You then point out something strange about that dream that separates it from reality, such as having wings on your back. Then, think about the desire to return to the vision and remind yourself of that strange thing that will inform you that you’re dreaming. Finally, tell yourself that the next time you dream, you would like to remember that you’re dreaming. This is a great technique to use anytime, but it’s especially effective when you’ve just woken up in the middle of the night from a dream.

lucid dreams

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·         Wake Back To Bed (WBTB)

The WBTB technique builds on the researched idea that the chance of lucid dreaming connects to general alertness over specifics. It involves attempting to induce REM sleep during consciousness. One common way to achieve this is by waking up five hours after bedtime.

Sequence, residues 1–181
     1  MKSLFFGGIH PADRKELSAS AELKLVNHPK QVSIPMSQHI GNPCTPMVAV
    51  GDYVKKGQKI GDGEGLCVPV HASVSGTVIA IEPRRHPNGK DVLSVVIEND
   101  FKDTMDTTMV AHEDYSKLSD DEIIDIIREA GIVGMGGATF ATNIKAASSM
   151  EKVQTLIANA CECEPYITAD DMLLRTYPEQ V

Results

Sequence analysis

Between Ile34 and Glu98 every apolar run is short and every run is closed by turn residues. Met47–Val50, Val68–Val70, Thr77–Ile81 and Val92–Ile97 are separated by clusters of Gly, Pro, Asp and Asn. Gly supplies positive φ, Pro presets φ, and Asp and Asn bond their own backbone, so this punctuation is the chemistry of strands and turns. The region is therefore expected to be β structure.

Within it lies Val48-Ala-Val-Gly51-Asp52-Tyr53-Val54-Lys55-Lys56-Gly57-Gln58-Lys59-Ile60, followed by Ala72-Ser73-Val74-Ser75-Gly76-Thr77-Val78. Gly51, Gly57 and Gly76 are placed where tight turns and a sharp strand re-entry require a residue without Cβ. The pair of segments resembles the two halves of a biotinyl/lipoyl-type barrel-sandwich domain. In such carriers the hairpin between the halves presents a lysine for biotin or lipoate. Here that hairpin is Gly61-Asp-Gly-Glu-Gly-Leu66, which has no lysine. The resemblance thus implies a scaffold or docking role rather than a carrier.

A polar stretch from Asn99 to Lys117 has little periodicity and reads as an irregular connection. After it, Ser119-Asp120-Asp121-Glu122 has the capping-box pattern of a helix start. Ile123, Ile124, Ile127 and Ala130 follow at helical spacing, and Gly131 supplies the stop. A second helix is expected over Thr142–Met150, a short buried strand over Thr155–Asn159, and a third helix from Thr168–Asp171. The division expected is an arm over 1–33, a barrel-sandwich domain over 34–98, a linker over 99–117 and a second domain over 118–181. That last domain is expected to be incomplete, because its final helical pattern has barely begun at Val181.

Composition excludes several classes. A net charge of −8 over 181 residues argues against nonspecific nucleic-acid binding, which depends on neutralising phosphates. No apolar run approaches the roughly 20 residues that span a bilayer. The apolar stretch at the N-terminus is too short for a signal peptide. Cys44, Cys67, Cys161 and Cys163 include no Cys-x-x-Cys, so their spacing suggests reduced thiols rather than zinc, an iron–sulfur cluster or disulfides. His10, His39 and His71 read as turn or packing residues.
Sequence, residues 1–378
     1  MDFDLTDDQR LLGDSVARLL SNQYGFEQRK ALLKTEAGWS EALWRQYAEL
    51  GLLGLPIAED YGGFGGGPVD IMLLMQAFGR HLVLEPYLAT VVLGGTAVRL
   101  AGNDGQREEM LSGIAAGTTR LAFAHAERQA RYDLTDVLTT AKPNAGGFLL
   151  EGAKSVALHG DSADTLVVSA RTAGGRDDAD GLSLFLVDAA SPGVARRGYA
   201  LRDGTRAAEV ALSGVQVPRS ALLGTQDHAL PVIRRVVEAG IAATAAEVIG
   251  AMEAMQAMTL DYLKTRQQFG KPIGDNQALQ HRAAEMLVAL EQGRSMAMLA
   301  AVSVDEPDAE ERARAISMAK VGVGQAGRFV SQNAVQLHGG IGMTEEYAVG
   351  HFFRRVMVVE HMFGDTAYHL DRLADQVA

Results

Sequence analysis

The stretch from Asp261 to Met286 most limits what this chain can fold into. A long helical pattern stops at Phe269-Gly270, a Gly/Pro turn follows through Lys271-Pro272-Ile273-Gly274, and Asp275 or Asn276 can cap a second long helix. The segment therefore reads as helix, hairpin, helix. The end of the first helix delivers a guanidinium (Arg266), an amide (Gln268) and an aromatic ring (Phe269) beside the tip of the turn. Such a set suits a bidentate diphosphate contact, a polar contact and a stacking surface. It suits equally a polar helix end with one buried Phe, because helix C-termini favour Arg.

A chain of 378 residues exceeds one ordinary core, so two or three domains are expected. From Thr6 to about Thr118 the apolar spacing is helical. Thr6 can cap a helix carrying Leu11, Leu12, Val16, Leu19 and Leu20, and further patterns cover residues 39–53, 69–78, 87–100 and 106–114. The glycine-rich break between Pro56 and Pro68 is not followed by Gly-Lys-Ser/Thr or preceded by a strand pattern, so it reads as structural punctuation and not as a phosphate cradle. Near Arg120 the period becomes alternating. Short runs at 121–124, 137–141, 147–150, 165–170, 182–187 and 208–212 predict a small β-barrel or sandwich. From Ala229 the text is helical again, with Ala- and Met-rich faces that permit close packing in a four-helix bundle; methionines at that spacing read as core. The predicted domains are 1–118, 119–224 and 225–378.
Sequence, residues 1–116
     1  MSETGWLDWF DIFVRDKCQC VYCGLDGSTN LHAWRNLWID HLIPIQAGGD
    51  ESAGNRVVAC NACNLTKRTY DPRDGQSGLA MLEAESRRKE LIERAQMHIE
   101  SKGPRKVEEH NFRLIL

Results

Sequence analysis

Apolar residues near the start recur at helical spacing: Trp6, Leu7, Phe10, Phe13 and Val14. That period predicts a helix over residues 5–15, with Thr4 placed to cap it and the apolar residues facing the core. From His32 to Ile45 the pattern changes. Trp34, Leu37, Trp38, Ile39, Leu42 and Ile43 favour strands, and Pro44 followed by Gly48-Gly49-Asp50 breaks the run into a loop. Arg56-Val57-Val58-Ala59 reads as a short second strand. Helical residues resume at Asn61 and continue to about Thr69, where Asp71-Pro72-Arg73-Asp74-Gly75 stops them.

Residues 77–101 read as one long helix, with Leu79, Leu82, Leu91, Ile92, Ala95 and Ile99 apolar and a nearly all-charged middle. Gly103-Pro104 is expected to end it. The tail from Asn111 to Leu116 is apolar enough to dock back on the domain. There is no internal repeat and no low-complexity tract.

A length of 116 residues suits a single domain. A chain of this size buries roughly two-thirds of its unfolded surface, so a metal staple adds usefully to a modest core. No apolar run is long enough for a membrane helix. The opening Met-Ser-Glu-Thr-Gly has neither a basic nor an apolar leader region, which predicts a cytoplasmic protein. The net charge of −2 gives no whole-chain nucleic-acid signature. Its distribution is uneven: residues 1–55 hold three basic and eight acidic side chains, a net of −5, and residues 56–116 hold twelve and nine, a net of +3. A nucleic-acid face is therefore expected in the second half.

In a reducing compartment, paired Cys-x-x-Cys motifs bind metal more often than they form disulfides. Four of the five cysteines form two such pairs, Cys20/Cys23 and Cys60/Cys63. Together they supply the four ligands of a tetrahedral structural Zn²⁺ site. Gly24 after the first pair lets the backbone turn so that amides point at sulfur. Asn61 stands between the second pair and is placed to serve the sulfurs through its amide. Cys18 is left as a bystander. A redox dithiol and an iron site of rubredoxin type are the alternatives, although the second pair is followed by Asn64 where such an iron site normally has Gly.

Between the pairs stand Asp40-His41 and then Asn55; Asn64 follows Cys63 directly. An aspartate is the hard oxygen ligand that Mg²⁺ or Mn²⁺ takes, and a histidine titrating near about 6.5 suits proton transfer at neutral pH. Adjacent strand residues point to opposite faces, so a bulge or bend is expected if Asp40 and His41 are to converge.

Once you wake up at this point, you stay up for half an hour and perform a simple, quiet activity that requires your careful attention, like reading. Finally, after those thirty minutes, you go back to sleep. The goal is to put yourself back into REM sleep directly, simply immediately.

·         Wake-Initiated Lucid Dreaming (WILD)

WILD is a complex induction technique that requires the creation of a hypnagogic hallucination. Essentially, you’re aiming to immediately enter a dream as soon as you leave the awake state. This allows for your brain to remain conscious as the rest of your physical body sleeps. The technique is hard to learn, as you’ll be hallucinating wilfully before bedtime, which comes with its own set of complications.

4.    Tips For Experiencing Lucid Dreaming

Induction techniques on their own can be pretty effective, but there are additional ways to increase the chances of lucid dreams. Here are some great tips for incorporating into your daily life to encourage successful dreaming: